If you file a standard trademark it is made available to public shortly after the application is filed after which you can make only limited changes. When you file a TM Headstart process your request in not published until you pay the fees and you have wider range of options to remove the potential barriers to registration. To register trademark in NZ you have to file an application. To file an application, you will need the following documents:

  • Your name/ownership details and contact details
  • A representation of the trade mark
  • A description of the goods or services to which it will apply
  • A list of the relevant classes
  • A translation/transliteration of any part of your mark that is in another language
  • Required fees

A registered trade mark is valid for 10 years and may be renewed indefinitely for successive 10-year periods upon payment of fees.

2. Patent

A patent is a legal right granted for a substance, method, or a process that is innovative and distinctive in nature. You cannot get an Intellectual Property patent if you have already publicized your innovation. There are different application types with different features if you want to apply for a patent right in NZ. The most preferred ones are:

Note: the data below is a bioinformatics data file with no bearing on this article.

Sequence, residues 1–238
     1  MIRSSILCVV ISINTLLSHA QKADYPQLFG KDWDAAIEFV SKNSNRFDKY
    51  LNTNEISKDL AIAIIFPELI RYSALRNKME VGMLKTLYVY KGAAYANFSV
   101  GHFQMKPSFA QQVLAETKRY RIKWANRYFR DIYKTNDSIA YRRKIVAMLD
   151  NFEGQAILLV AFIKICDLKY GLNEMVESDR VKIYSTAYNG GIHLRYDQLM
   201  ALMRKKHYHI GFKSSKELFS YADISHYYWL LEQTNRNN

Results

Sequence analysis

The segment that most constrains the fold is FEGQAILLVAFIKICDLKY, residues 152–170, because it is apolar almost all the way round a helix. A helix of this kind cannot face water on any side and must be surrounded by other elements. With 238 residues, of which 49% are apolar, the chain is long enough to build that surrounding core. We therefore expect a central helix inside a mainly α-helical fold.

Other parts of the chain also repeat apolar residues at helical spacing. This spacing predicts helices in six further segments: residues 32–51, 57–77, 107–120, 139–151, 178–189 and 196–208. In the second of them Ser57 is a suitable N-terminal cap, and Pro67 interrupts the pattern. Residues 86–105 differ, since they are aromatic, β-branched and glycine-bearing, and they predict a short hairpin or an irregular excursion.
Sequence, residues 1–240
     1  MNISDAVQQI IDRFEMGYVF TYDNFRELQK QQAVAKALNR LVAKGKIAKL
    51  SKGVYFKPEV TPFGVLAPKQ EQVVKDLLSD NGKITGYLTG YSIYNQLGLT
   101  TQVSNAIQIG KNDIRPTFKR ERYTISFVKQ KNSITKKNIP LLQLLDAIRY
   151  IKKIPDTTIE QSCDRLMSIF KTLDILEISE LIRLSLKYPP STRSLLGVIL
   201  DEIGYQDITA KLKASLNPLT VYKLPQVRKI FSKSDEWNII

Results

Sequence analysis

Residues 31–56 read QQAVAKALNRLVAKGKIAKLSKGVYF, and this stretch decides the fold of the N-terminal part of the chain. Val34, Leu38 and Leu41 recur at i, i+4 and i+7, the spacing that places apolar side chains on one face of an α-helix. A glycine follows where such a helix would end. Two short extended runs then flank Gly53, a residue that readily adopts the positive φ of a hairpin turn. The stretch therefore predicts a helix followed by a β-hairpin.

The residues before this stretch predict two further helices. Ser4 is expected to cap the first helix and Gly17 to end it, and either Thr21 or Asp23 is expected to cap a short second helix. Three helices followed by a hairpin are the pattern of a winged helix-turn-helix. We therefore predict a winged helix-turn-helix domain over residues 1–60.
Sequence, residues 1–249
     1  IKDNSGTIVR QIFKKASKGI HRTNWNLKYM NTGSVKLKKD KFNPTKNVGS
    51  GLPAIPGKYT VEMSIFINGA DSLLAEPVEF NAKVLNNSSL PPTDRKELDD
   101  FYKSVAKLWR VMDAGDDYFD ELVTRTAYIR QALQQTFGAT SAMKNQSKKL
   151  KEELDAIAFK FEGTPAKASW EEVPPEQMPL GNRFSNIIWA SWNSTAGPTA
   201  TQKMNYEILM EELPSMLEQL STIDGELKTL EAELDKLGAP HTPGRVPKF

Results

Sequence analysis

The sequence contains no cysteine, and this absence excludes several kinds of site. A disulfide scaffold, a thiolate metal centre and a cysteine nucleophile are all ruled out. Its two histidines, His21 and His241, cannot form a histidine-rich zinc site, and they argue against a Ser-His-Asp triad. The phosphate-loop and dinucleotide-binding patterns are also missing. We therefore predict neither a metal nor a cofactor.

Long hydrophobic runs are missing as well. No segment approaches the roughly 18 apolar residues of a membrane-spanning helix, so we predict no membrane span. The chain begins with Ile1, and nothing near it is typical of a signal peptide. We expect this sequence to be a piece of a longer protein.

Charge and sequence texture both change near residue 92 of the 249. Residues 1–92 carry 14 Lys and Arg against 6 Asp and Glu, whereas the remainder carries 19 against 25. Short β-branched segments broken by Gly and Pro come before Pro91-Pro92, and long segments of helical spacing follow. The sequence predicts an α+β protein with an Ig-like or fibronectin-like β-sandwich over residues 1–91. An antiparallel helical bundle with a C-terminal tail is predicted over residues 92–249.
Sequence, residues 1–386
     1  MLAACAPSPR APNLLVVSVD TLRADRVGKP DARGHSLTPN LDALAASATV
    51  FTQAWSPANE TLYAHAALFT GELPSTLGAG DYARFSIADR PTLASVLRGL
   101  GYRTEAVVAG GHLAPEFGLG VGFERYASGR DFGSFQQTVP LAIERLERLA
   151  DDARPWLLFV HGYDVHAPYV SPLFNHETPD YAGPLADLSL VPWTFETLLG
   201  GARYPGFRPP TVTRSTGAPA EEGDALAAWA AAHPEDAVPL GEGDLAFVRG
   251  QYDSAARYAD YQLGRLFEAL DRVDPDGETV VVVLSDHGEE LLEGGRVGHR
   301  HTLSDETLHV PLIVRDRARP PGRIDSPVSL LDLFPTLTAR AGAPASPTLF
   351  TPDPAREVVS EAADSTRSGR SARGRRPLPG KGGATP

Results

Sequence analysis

• Application with provisional specification
  • Application with a complete specification
  • Paris convention specification
  • Divisional application

The documents required to file a patent application in New Zealand are:

  • Full name, address and nationality of each applicant
  • If the applicant is not the inventor, an explanation of how the applicant obtained entitlement to the invention from the inventor
  • Full specification (including claims and drawings) and abstract in English
  • Particulars of each basic application (for Convention applications)
  • If the application claims Conventional priority from a basic application: confirmation that the NZ applicant is the applicant of the basic application, or if not, confirmation that the NZ applicant has derived from the applicant of the basic application the right to claim priority from the basic application
  • Filing fee

It takes a minimum 6 months to acquire the patent right and once the applicant gets the right they can hold on for the same for the next 20 years.

3. Design

A design can be a shape, structure, pattern, or configuration which gives a unique appearance to the product. It basically protects the visual design of your product. Following are the steps to apply for Design rights in NZ:

  • File an application. Note that the application must meet the legal requirements